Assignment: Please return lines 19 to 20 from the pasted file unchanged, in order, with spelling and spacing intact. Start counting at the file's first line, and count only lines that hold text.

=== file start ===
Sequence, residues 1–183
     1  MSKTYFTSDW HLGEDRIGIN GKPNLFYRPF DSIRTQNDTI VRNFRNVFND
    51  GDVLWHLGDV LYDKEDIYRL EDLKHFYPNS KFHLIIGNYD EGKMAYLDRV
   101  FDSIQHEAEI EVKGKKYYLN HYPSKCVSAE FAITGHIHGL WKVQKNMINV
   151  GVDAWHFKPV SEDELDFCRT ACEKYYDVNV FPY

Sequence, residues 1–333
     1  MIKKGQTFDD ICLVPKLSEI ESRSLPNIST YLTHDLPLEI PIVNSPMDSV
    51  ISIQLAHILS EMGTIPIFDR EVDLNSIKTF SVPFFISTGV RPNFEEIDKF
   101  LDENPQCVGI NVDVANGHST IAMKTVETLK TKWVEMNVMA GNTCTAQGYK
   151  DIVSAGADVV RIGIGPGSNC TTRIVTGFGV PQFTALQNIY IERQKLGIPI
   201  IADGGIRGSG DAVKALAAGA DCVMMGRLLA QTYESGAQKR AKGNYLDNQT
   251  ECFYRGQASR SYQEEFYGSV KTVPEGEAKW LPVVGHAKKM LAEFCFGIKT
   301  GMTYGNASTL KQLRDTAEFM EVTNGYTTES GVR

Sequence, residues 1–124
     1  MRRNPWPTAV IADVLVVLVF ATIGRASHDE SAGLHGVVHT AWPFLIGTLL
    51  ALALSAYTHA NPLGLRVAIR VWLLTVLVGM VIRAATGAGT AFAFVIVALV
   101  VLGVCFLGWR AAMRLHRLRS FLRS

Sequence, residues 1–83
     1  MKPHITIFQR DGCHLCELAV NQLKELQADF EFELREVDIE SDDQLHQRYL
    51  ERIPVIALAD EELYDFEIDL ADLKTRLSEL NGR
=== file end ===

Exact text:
     1  MKPHITIFQR DGCHLCELAV NQLKELQADF EFELREVDIE SDDQLHQRYL
    51  ERIPVIALAD EELYDFEIDL ADLKTRLSEL NGR